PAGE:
There are big plans for the museum, which is housed in a building that was part of the Bratislava Ghetto. Currently, the remainder of the museum looks at Jewish life via items collected from across the country and also recounts Jewish printing prowess with a particular focus on the works of local rabbinic great Rabbi Moses Schreiber, the Chasam Sofer.

Before heading to Schreiber’s unique grave, a brief walk along the city wall, past more descriptive boards dedicated to Jewish city heroes, brings you to the memorial to the 105,000 Slovak Holocaust victims. 

The sculpture, symbolizing an abandoned house with the Star of David on the top, was placed on the site of a Neolog synagogue, destroyed not during World War II but rather by Communists, who demolished the area to pave the way for a major road that cuts through the city.

Fascists also destroyed parts of the city’s heritage in the name of “progress.” The Chasam Sofer, who lived in the 18th and 19th centuries, was the rabbi of what was then Pressburg, created the famous Pressburg Yeshiva, and was a major opponent of the fledgling Jewish Reform movement. He was buried in the city’s Jewish cemetery in 1839.

Just over a century later, Slovak leader Jozef Tiso decided to build a road tunnel under Bratislava Castle – a thoroughfare that would be routed through the cemetery. Lengthy negotiations and rumored cash payments led to Tiso agreeing to exhume most of the bodies to a newer Jewish cemetery but leaving the graves of Schreiber and two dozen other rabbis untouched, under the road subsequently replaced by a tram line.

Today there is a modern memorial to the Chasam Sofer. All that is visible above ground are dozens of glass panels. With prior arrangement, one can go underground to see the graves. Those panels reach down into the subterranean concrete cemetery. Hundreds of prayer notes are scattered around Schreiber’s grave in the hope that he will act as intercessor for all the wishes. The structure includes a prayer hall.

Bratislava may be small but there is a lot to take in – besides the sites, there are fine theaters, fascinating buildings from so many periods, and the wonderful out-of-town Danubiana museum of modern art. 

Perhaps the best way to end a trip to the city is to ascend into the UFO. This 95-meter tower, observation deck, and fine-dining restaurant, shaped like our perception of a UFO, affords the best public view of Bratislava and its environs. The vistas take in vast stretches of the Danube, the Little Carpathians, the Alps (on a clear day), and into Austria and Hungary.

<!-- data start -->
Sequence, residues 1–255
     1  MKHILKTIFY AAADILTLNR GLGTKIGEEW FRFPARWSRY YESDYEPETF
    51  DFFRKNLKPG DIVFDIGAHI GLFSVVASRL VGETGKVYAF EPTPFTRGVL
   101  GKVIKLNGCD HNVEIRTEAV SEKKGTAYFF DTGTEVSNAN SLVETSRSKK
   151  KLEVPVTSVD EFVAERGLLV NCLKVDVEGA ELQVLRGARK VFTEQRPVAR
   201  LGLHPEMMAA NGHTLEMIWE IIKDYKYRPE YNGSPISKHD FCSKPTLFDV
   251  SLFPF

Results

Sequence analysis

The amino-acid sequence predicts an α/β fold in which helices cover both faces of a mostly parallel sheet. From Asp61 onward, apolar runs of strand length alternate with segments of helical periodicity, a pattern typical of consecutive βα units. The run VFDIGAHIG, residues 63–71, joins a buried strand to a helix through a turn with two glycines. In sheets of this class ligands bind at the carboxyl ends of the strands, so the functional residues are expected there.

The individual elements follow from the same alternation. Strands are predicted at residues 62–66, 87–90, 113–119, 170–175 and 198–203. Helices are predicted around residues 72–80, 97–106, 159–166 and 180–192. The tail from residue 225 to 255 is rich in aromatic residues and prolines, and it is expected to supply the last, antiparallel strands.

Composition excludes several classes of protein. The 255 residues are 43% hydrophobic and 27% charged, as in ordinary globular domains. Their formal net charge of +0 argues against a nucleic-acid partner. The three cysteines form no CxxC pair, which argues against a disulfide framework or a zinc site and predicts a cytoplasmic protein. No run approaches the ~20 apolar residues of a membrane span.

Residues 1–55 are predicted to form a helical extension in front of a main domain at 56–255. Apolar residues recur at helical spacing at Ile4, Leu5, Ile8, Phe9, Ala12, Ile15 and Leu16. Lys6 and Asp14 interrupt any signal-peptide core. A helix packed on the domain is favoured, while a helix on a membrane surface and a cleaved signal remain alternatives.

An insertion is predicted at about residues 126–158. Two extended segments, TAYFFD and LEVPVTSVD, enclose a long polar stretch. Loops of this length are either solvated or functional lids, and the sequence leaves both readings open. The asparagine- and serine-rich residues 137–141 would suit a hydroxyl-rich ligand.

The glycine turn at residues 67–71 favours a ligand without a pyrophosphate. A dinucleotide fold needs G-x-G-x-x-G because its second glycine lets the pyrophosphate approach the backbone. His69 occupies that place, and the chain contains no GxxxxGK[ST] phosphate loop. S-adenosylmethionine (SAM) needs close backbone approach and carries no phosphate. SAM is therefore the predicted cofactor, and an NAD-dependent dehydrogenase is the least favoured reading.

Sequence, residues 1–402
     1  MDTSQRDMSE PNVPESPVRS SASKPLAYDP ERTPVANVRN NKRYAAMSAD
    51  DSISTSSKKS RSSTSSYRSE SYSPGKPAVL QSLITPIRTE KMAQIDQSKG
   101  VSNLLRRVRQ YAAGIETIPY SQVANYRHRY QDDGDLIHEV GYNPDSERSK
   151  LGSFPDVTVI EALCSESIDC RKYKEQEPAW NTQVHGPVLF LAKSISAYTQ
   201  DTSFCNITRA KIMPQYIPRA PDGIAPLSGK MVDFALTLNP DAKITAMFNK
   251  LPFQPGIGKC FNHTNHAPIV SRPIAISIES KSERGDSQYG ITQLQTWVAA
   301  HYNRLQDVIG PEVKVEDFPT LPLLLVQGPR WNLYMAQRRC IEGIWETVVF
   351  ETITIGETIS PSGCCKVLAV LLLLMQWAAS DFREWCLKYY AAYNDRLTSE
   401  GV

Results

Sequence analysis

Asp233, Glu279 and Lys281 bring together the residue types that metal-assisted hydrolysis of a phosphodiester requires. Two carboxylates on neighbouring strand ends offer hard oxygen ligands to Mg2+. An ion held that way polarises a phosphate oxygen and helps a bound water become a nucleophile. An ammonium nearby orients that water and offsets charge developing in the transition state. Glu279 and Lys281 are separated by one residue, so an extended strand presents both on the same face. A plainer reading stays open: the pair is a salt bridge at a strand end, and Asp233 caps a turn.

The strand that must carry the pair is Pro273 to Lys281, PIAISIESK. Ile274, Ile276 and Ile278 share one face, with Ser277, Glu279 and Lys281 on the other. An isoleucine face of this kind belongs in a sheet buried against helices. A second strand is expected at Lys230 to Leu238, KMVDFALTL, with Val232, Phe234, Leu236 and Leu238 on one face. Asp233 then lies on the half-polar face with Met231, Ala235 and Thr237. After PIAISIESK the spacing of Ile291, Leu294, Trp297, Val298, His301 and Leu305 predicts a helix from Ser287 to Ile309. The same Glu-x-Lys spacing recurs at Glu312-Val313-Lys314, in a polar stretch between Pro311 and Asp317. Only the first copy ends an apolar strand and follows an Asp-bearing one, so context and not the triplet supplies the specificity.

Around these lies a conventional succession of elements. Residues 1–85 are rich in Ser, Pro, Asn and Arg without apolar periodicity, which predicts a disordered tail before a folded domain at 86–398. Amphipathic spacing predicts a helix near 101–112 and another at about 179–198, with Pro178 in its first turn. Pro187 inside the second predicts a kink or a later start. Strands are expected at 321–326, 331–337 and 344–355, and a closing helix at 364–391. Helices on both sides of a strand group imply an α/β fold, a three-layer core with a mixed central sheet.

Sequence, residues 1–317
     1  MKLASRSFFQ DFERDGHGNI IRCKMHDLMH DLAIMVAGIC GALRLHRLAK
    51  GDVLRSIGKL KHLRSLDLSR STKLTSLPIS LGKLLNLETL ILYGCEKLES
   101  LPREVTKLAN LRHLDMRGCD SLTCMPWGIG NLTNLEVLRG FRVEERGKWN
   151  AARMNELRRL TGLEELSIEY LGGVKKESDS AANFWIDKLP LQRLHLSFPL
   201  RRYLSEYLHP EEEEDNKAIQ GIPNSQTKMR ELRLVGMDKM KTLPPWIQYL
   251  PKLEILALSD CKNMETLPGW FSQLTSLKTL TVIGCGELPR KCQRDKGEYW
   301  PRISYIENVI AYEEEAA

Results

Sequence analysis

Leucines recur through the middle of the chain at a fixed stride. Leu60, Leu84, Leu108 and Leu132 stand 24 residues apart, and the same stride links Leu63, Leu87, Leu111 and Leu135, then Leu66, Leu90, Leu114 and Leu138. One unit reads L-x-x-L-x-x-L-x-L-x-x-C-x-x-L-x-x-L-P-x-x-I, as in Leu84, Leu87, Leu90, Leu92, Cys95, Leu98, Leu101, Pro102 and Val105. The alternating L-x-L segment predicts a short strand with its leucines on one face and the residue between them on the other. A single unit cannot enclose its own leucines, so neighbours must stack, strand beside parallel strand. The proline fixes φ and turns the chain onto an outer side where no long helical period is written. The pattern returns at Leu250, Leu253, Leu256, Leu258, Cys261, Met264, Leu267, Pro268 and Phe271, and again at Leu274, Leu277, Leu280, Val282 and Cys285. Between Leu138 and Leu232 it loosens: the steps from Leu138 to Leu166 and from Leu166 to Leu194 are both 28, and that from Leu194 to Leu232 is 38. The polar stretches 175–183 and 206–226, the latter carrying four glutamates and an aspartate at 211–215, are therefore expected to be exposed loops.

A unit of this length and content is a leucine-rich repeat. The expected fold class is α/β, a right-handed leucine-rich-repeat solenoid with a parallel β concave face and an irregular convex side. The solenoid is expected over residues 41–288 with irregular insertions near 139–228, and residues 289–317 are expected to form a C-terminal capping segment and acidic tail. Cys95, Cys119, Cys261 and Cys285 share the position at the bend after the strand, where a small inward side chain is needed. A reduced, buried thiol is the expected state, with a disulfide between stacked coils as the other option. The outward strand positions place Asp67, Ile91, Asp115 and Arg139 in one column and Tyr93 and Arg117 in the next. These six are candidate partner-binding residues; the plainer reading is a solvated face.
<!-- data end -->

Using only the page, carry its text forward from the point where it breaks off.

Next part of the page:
But perhaps the most important view to take home is that of Bratislava itself – the castle, ever dominant, overlooking this small city packed with history, culture, great food, and anything else you would expect from a much-larger European capital. 

The Bratislava shul docent saved during Holocaust

Just a glance into Ivan (Ilan) Pasternak’s slate-blue eyes tells you he has experienced times good and bad during his 81 years. He takes visitors around the 100-year-old cubist Heydukova Street Synagogue in the heart of Bratislava – the only shul to survive the Holocaust.

His last stop on the tour is on the bimah – the central raised area from where prayers are chanted and the Torah is read. Beyond explanations about the architecture, community and liturgy, he has two stories to tell…

Money for escape

When Pasternak was one, in 1944, he was deported with his parents. They were separated, his father via various camps to his death in Dachau, while he and his mother were sent to a Slovakian camp. 

His enterprising mom called over some guards and asked if they had a knife. Surprised, they produced a sharp blade. She asked them to cut the collar on baby Pasternak’s shirt. 

As they slit the material, a wad of banknotes fell out. Money for escape. The guards agreed to turn a blind eye. 

As they headed out of the camp right towards a bar, she went left and into the woods. She and her baby were looked after by a Slovak family until the war’s end.

Never forget

The bimah was moved to a corner of the synagogue during World War II, as was the rest of the furniture. The fascists and Nazis used the empty space to house furniture from Jewish homes. 

After the war, the shul furniture was repositioned, including the wooden table on the bimah. All looked back to normal. 

At this point in his tale, Pasternak pulls back the green velvet table cover to reveal a fading swastika. He pauses and looks at the synagogue visitors with those slate-blue eyes and says:

“Whenever we had a bar mitzvah down the years, we would tell the bar mitzvah boy to never forget and, that despite everything, we are still here.” 

Mark and David host The Jerusalem Post Podcast – Travel Edition ( They were the guests of the Bratislava Tourist Board.

Por Ovnis